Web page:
All tanks are a logistics nightmare. The M1 series is a very thirsty beast. I disagree with whomever said it wasn't a tactical issue. A common concept in the Soviet doctrine was to destroy the log trail to stop the enemys tanks. Its a concept I share deeply. You don't have to kill the tank to stop it. That is the basic misconception of most Infantry forces. So then the question isn't how much does a tank need but can the forces support it. The U.S. and British forces connducted the fastest, deepest assault in the shortest amount of time in history. Yes, the log trail was challanging and even attacked by proficient forces and yet the beans, bullets, and ammo got through. The turbine engine has proven very reliable even in the worst conditions. Having said all that I do agree with you though. The M1 drinks a lot of gas and I do want it to change to a diesel engine but for a different reason. Thermal sight technology has made it around the world now and its success is well advertised. The thermal signature of the turbine engine is begining to be a liability. I would like to see the LEO IIs engine in the M1.

    Only fools deploy combat elements without support or in combined arms. Tanks and Infantry work together but are not entirely dependant on each other either. Its a balance that is learned in training. This returns to my earlier comment on pointing a rifle the wrong way.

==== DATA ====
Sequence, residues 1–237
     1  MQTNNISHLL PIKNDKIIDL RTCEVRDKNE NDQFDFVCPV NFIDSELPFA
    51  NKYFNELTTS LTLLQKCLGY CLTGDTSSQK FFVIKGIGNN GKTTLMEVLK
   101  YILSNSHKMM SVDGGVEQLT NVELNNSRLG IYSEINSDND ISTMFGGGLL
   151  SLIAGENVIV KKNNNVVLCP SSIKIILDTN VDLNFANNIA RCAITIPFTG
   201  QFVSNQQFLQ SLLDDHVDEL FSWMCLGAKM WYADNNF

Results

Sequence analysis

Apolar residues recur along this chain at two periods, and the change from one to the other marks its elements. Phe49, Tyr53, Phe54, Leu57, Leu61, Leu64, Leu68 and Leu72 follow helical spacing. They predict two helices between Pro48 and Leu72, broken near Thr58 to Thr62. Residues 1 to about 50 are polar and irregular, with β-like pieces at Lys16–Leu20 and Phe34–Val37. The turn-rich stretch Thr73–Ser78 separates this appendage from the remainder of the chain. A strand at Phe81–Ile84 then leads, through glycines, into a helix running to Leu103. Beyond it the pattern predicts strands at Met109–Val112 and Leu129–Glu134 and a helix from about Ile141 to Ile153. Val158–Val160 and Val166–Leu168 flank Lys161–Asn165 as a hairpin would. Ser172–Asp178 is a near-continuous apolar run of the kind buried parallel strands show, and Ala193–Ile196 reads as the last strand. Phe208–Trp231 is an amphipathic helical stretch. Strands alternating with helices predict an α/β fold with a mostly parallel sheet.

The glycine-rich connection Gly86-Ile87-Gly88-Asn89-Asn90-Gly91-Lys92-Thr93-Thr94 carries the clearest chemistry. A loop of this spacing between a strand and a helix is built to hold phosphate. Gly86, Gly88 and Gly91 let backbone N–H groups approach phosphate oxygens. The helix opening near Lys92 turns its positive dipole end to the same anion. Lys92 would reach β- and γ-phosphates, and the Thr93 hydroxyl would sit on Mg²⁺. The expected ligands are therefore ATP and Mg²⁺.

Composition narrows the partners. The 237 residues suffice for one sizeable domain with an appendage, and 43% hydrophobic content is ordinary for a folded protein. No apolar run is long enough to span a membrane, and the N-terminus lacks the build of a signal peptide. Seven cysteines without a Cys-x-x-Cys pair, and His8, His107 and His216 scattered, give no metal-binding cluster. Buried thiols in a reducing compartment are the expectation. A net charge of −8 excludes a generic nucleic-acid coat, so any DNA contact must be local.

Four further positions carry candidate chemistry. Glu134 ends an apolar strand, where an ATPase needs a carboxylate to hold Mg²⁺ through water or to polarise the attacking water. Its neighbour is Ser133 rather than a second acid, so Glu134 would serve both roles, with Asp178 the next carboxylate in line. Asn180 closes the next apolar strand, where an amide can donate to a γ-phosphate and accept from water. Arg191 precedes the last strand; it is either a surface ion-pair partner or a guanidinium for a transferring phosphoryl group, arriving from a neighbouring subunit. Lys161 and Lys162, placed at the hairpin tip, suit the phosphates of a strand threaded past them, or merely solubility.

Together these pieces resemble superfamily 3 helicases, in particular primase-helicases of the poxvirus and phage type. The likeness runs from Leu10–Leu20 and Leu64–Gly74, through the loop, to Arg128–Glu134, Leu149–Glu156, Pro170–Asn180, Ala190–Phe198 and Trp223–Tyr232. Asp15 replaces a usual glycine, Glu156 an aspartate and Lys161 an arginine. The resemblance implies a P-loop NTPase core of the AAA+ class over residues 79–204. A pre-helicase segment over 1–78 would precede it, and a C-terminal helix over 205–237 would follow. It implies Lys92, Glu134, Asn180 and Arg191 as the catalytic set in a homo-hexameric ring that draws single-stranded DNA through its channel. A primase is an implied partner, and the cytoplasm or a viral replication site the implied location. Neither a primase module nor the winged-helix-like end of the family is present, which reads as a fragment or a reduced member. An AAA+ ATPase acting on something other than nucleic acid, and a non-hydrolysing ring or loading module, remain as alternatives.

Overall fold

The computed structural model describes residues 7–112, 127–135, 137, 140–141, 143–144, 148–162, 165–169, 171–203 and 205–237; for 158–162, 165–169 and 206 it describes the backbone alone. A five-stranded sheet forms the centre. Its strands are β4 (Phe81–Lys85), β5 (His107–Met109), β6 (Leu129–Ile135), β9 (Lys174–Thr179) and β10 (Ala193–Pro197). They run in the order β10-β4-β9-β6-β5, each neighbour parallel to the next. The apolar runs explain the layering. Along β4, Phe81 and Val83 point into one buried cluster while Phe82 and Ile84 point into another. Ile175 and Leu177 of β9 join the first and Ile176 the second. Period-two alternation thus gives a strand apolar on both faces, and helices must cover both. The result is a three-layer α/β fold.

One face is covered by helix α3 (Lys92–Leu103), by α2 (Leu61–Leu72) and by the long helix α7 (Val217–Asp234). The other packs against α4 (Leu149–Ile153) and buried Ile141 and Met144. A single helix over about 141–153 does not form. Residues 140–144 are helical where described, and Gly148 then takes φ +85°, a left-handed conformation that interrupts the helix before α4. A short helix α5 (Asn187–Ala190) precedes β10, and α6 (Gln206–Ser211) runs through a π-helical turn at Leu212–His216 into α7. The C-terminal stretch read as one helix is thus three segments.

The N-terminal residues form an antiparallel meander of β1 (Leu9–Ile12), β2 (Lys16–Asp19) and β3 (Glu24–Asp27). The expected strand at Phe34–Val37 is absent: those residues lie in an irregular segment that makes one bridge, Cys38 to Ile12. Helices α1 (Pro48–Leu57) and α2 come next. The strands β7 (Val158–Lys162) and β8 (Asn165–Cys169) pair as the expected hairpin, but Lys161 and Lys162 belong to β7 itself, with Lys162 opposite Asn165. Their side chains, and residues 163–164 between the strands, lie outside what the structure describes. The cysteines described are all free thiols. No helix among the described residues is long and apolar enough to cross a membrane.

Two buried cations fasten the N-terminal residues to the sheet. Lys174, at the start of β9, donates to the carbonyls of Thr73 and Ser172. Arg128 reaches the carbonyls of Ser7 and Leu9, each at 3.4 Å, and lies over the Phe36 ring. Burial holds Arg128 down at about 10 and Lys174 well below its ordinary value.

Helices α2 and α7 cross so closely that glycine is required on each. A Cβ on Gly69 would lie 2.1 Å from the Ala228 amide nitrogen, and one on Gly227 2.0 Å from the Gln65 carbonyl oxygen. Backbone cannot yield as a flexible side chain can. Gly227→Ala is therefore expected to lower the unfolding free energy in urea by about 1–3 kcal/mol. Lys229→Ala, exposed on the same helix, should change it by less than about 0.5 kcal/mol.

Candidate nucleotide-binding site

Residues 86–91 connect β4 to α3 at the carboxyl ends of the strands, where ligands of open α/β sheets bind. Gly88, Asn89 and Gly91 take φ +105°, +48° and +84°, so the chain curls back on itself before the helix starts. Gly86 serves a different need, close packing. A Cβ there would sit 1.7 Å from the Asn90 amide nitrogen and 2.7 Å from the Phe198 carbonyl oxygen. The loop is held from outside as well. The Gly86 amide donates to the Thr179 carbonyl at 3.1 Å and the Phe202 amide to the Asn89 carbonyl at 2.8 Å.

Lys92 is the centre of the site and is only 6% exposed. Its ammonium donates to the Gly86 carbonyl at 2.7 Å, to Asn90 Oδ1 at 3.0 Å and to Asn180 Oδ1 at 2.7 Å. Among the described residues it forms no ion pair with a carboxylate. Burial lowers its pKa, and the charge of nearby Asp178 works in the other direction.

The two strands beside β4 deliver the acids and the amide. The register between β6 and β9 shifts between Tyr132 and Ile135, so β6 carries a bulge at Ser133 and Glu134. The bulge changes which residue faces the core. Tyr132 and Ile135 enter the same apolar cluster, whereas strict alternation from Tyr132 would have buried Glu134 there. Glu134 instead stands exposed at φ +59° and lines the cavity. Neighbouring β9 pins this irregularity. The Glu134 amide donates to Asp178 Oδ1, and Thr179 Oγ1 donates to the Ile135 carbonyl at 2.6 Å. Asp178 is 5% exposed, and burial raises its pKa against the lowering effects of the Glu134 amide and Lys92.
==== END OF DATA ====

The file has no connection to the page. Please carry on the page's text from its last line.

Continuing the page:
Scorched earth doctine will not hurt professional armies. In the case of NATO tank designs, it would probably help them. Tankers like it best when there isn't any threat aircraft in the air and they can see for miles in every direction. We train to destroy things out to the limits of eyesight. The fewer obstacles the better. When things get close and tight is when it gets nervous.

    There are on going discussions on whether or not tanks a benefit in urban environment. The Russians have been burnt bad. The British and Americans have had a lot of success. There are commanding Generals that continue to praise the M1s work in fights like Fallujha. A great deal of that is due to how they were deployed so it can be arguementive. However, the survivability rate of our crews is unquestionable.

    The LEOII is a damn fine tank. I have been in them, all versions, many times and talked to the crews. There are several areas I feel are better designed on the LEO than on the Abrams. I wish we could combine the two tanks into a common NATO design. However, too many contractors would loose out on money. WE have several "shared" ideas but the differences are why we went different directions in tank design. However, when you compare firepower, manueverability, and survivability the Abrams desin come out ahead. In addition, the LEO has not been challanged by a combat scenerio and as long as the green party has its way in Germany it never will. Perhaps the Dutch or Danes will be able to answer those questions. I will predict it will perform well but also share some of the concerns people here are associating with the M1s.